Stroke treatment in Idaho Falls, Idaho
Eastern Idaho Regional Medical Center in Idaho Falls, Idaho is home to the region’s only Primary Stroke Center certified by The Joint Commission. This means that if you or a loved one experiences a stroke, our facility provides the best, most advanced stroke treatment available in the area.
If you think you or someone else is having a stroke, call 911 immediately. Stroke is a medical emergency requiring immediate medical attention.
What is a stroke?
A stroke happens when a blood vessel carrying oxygen to the brain becomes blocked or ruptures. When this occurs, part of the brain no longer receives the oxygen it needs, and the tissue in that area starts to die.
At Eastern Idaho Regional, we take an aggressive, multidisciplinary approach to stroke treatment with expertise from neurologists, registered nurses, dieticians, interventional radiologists and other stroke care specialists.
Types of stroke
There are two types of stroke. As a Primary Stroke Center, we can quickly diagnose the difference.
- Ischemic stroke is a clot that blocks blood flow in the brain
- Hemorrhagic stroke is a bleed that sometimes may be too massive to resolve
The vast majority of strokes are ischemic (clots), but regardless of the type of stroke, we have treatment options at our fingertips.
Signs and symptoms of stroke
Transient ischemic attacks (TIAs) are stroke symptoms that go away shortly after starting due to momentary blockages, but produce no lasting damage. Even if your symptoms disappear entirely, it is critical that you follow up with a neurologist to assess your continued risk of stroke.
To recognize warning signs of stroke, remember BE FAST.
- B stands for balance: Ask the patient if they can walk. Do they veer to one side? Are they dizzy?
- E stands for Eyes: Cover one eye at a time and ask if they have vision changes.F stands for face: Ask the person to smile. See if one side of the mouth droops.
- A stands for arms: Ask the person to lift both arms. See if one uncontrollably lowers.
- S stands for speech: Ask the person to repeat simple phrases to see if there is difficulty or confusion.
- T stands for time: If a person exhibits any of these symptoms, time is of the essence. Call 911 immediately. Tell the dispatcher you think it may be a stroke.
Additional warning signs of stroke
- Sudden numbness or weakness of the face, arm or leg, especially on one side of the body
- Sudden confusion, trouble speaking or understanding others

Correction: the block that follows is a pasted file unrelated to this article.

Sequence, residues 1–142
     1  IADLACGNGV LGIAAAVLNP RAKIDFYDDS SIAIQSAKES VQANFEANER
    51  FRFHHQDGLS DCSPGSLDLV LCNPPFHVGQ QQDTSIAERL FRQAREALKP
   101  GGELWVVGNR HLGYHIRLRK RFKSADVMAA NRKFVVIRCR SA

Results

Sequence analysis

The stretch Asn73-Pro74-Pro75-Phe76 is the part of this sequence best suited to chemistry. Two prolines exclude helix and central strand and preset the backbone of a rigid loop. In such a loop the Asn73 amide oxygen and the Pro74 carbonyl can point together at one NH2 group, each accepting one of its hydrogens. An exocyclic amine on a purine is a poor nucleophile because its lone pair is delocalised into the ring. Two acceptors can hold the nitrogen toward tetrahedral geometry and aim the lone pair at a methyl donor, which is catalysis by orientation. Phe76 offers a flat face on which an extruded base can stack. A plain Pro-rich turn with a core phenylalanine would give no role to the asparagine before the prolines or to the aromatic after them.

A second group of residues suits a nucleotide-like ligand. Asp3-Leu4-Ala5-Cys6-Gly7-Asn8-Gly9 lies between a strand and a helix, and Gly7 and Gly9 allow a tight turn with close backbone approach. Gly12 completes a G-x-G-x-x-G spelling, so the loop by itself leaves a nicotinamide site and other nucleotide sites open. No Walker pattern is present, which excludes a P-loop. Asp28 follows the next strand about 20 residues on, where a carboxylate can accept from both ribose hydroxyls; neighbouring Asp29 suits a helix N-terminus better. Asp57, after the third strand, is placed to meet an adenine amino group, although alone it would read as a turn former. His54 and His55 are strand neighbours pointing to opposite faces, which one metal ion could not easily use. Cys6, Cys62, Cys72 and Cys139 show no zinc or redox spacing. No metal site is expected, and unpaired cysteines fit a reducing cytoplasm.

- Sudden trouble seeing in one or both eyes
- Sudden dizziness, loss of coordination or balance or trouble walking
- Sudden severe headache with no obvious cause
Nationally recognized stroke treatment center in Idaho Falls
The Joint Commission awards hospitals with an advanced certification in Primary Stroke based on a rigorous examination process to identify facilities that demonstrate a commitment to excellence in providing stroke care. Some of the protocols include:
- Consistent use of IV tPA therapy (clot-breaking medication)
- 24/7 availability of a neurologist or interventional radiologist
- Evidence-based clinical practice guidelines
- Designated stroke team
- Coordinated stroke response with area emergency crews
Stroke data is analyzed and reported regularly to achieve continuous improvement, to exceed standards of care resulting in improved patient outcomes and to maintain certification.
Additionally, we're proud to be recognized by the American Heart Association and American Stroke Association with the "Stroke Silver Plus Award" for our excellence in implementing the Get With The Guidelines® program.
Stroke rehabilitation program
Our goal for stroke rehabilitation is the same as yours: to maximize recovery so you can return to the fullest level of independence possible. Both the stroke patient and their family participate in stroke therapy planning, and each program is designed to ensure that all the necessary support services are provided.
Our rehabilitation therapy team includes specialists in:
Stroke risk factors
The vast majority of strokes occur in people 60 years old and older, but risk factors can make people as young as 40 years old highly susceptible as well. Controlling risk factors for heart disease will also help in stroke prevention. Stroke risk factors include:
- High blood pressure
- Heart disease
- High cholesterol
- Lack of exercise
Women’s risk for stroke
Stroke is the third–leading cause of death for women. Stroke experts now believe that risk is tied to hormones, reproductive health, pregnancy and childbirth.
The American Heart Association and America Stroke Association provide scientific-based recommendations for decreasing women’s risk of stroke, including:
Visit the Go Red for Women website to read the guidelines for lowering women’s risk of stroke.
Learn more about your risk for stroke
To learn if you are at risk for stroke, attend a free stroke seminar.